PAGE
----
Live by Night covers an approximately 10-year period in the career of Joe Coughlin, whose catch-phrase seems to be “I’m not a gangster”. After a lengthy preamble, he sets up as the monopoly supplier in Ybor in Florida. The conventional story of a gangster muscling in on another’s turf would focus on that obvious conflict, bringing to mind the best line from The Untouchables : “He pulls a knife, you pull a gun. He sends one of yours to the hospital, you send one of his to the morgue! That’s the Chicago way, and that’s how you get Capone!” At first, it appears that’s going to be his plan, as he’s been sent explicitly because of his personal vendetta, established in the preamble. Instead, they reserve their major villain for interludes and vignettes, tamping-down rather than fanning the flames of vengeance; by the time he rolls around again near the end of the film I’d just about forgotten who he was. Instead Coughlin’s story revolves around winning over the Cuban local population and hence running afoul of the KKK. It’s certainly a novel approach, but after an arresting introduction to the KKK’s modus-operandi, the war which would occupy the whole activity in most movies is passed over in a montage of the after-effects. They move then swiftly on to another kind of foe, an evangelical preacher who capsizes the legalisation of gambling in the district – Coughlin here takes the high road, preferring not to murder a relative innocent. In the logic of the film however, it is she who has transgressed and is therefore duly eliminated. The idea in every scene, especially in one toe-curlingly cringeworthy encounter with a banker, is to show Coughlin as the moral man placed in an immoral situation. It’s a 5-hour long argument that we’re defined by our hearts, rather than by our actions.
The problem is that the film ends up abandoning all the tried and true story mechanisms and scenes that have been an evolving part of the genre. It’s inevitable that films trying to do new (or at least highly unusual) things won’t be successful, but this film just feels ill-considered at every turn. Coughlin’s morality, for example, is never explored, so his decisions are opaque from inside the fiction and hence make sense only from this external objective argument. His divergence from the typical cultural habits of his upbringing is never explained and there’s never a hint of internal conflict or uncertainty that might make it an interesting character decision, for all that it does generate plenty of plot. Just what makes him different enough that he can fall in love with a Cuban could have been a fascinating angle to explore. Similarly, while the KKK are summarily executed, there’s no sense that their racism has an economic motive, or how that interacts with criminality, ground that was scouted in Season 1 of Boardwalk Empire, but where plenty of interesting aspects remain to be revealed. The doubts of the preacher who derails his gambling strategy are touched on in a single scene, but as an epilogue to the action it lacks any dramatic punch.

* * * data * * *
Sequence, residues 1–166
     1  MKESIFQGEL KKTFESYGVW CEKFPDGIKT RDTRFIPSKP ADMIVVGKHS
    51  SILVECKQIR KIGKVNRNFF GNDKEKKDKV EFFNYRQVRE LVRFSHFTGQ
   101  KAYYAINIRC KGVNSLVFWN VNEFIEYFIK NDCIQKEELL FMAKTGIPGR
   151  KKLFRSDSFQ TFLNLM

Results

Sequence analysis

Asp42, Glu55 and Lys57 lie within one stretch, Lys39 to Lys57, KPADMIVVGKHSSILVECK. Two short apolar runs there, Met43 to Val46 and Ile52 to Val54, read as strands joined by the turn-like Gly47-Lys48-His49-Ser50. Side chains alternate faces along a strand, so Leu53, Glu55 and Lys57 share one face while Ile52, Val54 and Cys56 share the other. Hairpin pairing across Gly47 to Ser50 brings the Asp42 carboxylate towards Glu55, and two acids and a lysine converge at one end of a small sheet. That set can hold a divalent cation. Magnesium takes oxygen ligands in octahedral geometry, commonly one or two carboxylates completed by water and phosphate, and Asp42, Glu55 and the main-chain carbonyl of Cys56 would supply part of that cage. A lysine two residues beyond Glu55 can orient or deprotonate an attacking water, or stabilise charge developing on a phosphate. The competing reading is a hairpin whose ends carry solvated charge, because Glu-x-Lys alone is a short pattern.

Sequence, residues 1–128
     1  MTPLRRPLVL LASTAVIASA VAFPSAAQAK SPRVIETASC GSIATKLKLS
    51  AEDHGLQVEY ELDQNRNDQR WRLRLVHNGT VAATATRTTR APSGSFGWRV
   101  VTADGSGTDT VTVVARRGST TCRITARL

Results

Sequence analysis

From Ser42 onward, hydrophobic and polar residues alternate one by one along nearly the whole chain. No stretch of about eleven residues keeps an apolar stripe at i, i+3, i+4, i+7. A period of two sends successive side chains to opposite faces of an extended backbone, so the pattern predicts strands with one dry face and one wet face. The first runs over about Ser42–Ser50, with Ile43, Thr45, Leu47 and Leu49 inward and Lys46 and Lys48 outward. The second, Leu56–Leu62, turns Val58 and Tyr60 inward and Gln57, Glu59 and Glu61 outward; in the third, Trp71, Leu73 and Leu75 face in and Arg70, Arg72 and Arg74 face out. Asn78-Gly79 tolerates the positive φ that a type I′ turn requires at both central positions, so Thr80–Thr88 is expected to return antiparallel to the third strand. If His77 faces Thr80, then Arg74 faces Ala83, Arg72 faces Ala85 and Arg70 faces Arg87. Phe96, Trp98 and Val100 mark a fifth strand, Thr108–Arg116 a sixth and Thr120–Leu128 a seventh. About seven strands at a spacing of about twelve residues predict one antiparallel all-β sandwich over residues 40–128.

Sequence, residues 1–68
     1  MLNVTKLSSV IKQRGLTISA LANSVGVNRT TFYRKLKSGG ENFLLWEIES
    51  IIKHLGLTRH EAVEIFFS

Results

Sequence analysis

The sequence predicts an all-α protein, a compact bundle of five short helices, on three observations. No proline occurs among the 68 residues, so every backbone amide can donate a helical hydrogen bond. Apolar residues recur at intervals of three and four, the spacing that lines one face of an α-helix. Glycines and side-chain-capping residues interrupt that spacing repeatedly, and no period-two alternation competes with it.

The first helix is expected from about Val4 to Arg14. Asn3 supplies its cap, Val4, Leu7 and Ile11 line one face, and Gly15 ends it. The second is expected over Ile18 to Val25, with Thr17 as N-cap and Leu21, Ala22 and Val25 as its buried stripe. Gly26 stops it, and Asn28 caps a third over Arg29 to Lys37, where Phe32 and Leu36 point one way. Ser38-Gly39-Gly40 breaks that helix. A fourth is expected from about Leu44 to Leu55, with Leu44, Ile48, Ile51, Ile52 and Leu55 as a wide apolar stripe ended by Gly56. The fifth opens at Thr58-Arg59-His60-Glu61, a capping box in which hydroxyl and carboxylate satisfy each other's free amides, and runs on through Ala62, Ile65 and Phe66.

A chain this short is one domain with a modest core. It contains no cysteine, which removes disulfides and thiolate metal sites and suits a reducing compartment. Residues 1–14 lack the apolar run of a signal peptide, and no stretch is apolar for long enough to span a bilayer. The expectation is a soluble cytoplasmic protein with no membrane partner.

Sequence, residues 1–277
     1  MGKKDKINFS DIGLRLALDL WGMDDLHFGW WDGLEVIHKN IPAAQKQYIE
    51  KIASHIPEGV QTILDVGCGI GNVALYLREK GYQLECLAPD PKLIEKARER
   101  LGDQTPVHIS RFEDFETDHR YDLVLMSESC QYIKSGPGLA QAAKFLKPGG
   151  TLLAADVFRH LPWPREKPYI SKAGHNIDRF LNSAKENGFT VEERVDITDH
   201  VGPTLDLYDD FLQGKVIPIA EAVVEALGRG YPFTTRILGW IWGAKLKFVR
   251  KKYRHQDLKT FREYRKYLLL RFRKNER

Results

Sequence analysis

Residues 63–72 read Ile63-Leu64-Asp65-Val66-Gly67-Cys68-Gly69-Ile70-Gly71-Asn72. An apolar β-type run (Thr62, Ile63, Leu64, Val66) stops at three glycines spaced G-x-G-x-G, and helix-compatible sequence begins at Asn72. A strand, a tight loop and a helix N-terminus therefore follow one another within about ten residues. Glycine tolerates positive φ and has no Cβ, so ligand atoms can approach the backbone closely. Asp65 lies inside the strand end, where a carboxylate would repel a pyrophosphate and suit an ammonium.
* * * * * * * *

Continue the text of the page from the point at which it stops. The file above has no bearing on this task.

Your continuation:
As a result of this drive to make the hero the moral centre while being unable to really focus or tackle any moral issues from the inherent morality of bootlegging down to the criminally-inspired racism of the KKK, this film is a catastrophic mix of sanctimonious, plodding and cliched. It also suffers by having gender politics straight out of the era it depicts. When Argo won best picture at the Academy Awards a few years ago it definitely didn’t deserve it, but I conversely felt that Affleck had been robbed by not winning best director. In that film he took a small tale and ratcheted up the tension to breaking point, seamlessly and adroitly splicing together the different strands into a film that had me on the edge of my seat. The direction here is unrecognisable. Can’t win them all I suppose, but based on his track record I think this film is the aberration in his oeuvre, which is otherwise pretty solid. It’s nothing near as bad as the worst films of the last couple of years, A Pigeon Sat on a Branch Contemplating Existence  and Victor Frankenstein , but it’s by a long way the worst film so far of 2017 for me.
As a side and final note: I’m getting pretty sick of seeing Zoe Saldana being so criminally and flagrantly under-used – it’s just about as bad as seeing Naomie Harris’s name on a poster these days! Better than Out of the Furnace, but that is a low bar indeed. This is a 2-star film, 4/10 on IMDb, but I’m taking off half a star for wasting her; Sienna Miller and Elle Fanning aren’t exactly given star-turns either, but at least they get something to do.